Last week, while the buzz and excitement of one of the world’s most prestigious tennis events played out on the courts nearby, members of the International Tennis Integrity Agency (ITIA) joined tournament officials at Wimbledon for an engaging round table discussion on integrity in the sport.
The session added to an already busy schedule of ITIA engagement with the wider tennis family across the grass-court season, as colleagues from the education and investigation teams were joined by CEO Karen Moorhouse at the All England Lawn Tennis Club to further strengthen the relationship and communication between the ITIA and officials on tour.
According to Wimbledon.com, there are 377 officials working at The Championships in 2023, covering more than 650 matches across the fortnight in south west London. Though two of the four major tournaments now utilise electronic line calling, the world’s oldest tennis tournament opts for tradition, relying upon the most skilled officials in the game in the process.
According to Championships Chief Umpire, Adrian Wilson, the ongoing support of the ITIA is vital in upholding impeccable standards expected on the hallowed grass.
He said: “Working closely with the ITIA remains an important part of tennis officiating and Wimbledon in particular.
“All our Officials working at The Championships, whether at Qualifying or Main Draw, have to be registered on the ITF Officiating Portal and as such sign up to the Tennis Anti-Corruption Program, which gives the All England Lawn Tennis Club confidence that we are doing everything we can to protect the integrity of the sport and Wimbledon specifically.”
The session focused on developing lines of communication, alongside providing officials with the invaluable opportunity to ask any questions about the ITIA, investigations, and case studies of corrupt activity on tour.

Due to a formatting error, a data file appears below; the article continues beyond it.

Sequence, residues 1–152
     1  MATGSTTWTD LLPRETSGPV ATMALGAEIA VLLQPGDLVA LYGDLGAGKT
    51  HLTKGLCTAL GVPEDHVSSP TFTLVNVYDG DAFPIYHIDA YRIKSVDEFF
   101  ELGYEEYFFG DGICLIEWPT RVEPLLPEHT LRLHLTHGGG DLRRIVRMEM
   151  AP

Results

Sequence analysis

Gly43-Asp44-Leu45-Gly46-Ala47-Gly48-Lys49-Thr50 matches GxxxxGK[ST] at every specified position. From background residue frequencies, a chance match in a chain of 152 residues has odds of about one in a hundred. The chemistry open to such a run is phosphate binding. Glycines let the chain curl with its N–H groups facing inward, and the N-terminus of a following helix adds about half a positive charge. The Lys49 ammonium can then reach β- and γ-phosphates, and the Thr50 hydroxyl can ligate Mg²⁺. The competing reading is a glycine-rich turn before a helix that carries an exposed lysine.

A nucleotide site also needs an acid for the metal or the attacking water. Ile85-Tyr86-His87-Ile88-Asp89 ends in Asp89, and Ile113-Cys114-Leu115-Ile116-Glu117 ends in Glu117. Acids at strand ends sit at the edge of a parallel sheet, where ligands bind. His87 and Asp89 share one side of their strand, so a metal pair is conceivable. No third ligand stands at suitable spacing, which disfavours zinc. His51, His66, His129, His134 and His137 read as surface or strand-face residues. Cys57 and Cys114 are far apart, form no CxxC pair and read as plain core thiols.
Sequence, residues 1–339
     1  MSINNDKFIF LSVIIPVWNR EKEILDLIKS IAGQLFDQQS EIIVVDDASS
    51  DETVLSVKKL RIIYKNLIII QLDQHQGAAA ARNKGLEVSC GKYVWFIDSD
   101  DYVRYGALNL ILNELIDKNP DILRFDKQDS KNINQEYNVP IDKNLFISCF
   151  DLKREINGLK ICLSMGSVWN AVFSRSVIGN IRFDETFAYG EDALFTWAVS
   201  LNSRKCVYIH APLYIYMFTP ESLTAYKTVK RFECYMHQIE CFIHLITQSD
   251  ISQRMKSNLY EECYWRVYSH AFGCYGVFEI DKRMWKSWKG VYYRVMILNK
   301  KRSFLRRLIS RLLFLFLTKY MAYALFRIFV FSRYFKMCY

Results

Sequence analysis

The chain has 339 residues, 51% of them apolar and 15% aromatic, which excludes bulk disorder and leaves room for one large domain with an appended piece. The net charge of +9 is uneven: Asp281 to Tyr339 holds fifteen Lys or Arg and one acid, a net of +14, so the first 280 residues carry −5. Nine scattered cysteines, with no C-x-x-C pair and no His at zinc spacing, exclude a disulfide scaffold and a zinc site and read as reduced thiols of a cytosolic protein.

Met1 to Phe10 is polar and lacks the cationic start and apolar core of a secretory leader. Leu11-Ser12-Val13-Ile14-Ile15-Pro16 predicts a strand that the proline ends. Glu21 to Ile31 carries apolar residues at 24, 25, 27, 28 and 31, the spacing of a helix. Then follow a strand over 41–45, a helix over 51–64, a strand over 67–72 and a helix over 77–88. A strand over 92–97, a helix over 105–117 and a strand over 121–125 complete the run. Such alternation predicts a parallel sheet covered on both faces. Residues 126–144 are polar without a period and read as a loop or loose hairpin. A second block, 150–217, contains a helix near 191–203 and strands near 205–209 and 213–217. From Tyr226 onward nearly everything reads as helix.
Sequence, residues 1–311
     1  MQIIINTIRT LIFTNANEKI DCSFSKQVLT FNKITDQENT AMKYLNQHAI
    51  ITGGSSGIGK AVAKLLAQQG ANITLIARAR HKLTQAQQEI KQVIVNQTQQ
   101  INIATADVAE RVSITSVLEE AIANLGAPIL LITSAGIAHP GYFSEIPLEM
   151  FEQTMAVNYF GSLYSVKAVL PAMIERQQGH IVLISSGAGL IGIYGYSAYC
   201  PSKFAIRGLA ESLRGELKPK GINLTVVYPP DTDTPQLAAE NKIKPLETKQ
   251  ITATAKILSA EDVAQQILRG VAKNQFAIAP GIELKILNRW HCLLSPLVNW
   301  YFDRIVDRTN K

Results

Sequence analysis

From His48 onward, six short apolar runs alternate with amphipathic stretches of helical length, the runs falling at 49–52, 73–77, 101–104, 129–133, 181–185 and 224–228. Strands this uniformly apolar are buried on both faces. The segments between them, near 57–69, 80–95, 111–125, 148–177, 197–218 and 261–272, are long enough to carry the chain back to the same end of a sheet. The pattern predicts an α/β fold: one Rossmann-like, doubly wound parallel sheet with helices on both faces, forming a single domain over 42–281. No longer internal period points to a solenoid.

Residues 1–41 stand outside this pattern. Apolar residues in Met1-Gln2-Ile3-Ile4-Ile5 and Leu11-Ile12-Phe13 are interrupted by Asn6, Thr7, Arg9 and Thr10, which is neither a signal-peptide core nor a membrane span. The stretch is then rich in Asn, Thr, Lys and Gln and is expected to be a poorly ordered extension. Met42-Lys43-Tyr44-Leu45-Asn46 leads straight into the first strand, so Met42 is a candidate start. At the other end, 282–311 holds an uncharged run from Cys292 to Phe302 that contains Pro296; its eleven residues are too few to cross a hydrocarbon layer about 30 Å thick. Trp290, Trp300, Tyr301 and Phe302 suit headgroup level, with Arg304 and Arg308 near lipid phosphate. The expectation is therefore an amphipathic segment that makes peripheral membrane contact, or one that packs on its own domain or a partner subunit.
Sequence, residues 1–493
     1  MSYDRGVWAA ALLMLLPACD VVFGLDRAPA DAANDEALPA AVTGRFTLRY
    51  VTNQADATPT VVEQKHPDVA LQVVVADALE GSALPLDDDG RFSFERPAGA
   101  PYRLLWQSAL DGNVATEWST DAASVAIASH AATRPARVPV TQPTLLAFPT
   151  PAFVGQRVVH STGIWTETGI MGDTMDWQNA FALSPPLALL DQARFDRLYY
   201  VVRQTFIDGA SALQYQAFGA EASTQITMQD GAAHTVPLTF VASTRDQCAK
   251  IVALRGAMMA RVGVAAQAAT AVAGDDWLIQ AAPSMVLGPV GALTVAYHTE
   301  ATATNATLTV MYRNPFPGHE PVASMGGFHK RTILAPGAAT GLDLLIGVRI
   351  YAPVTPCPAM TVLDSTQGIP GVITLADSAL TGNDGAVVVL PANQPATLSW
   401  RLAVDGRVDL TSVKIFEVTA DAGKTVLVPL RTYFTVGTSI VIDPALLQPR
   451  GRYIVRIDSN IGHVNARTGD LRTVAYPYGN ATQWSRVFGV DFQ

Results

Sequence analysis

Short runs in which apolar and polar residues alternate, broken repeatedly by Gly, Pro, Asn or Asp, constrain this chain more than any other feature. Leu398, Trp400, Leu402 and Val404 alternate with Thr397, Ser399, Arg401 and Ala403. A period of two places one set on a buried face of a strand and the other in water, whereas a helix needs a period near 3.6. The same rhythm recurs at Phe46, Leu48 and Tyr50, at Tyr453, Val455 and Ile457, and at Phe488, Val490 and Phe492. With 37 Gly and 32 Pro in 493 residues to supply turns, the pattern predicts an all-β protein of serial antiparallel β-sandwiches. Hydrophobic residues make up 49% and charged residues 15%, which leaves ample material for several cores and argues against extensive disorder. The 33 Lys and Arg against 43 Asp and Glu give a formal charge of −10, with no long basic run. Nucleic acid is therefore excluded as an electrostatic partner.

Jenni Kennedy, the Senior Director of Investigations at the ITIA, was part of the round table discussion at SW19 and explained the importance of such meetings in the pursuit of a clean sport for all.
She said: “Tennis officials have an integral role to play in upholding the integrity of our sport. They have the potential to be our eyes and ears on the ground.
“The tour is so diverse, with tournaments occurring in multiple continents in any given week. Officials supporting us with our intelligence gathering can be a huge help in our investigative process, and it’s important that officials know they can rely on the ITIA’s support in both identifying and eliminating corrupt activity.”
“It’s possible that they have spotted something which, while it may seem innocuous to them, could be the missing piece of the jigsaw in an investigation. It was great to have the opportunity to talk informally about our work together and strengthen those relationships.”
The ITIA team has delivered outreach across the professional tour, including events at Nottingham, Queen’s, and Wimbledon qualifiers. This work has been coupled with strategic engagement at junior events, including Tennis Europe and ITF competitions in Roehampton.
Efforts to provide preventative education to juniors has proven particularly successful in 2023, with emerging stars like 16-year-old Mirra Andreeva, who reached the fourth round in SW19 having come through qualifying, benefiting from one-to-one training with ITIA staff on tennis’ twin anti-corruption and anti-doping programmes.
Meanwhile, the Wimbledon round table is one of an increasing number of engagements delivered by the ITIA for officials in professional tennis, as well as one-to-one and group education sessions for emerging professional players. These initiatives are underpinned by the ITIA’s strategic focus on prevention, led by the Tennis Integrity Supervisory Board and the organisation’s new CEO Moorhouse, who joined the ITIA in the first quarter of 2023, bringing a wealth of governance and regulatory expertise to the role.
She said: “As an organisation, we want to place an emphasis on being approachable, really embedding ourselves within the sport. It is vital that the tennis community has trust in us to uphold the principle of fair competition, and we can only do that effectively if we build networks with key stakeholders and maintain a presence on tour.
“Over time, we’re beginning to see more and more players, agents and officials approach members of the team to discuss any concerns or questions they may have. Events like this week’s round table provide us with opportunities to offer face-to-face support to officials and really get to understand their thoughts, concerns, and ideas of how we can work together more effectively.”
The next officials’ round table is scheduled to take place at the US Open in New York later this year, but the ITIA provides support to tennis tours and officials of all levels throughout the tennis calendar.
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Published 12 July 2023 12:00
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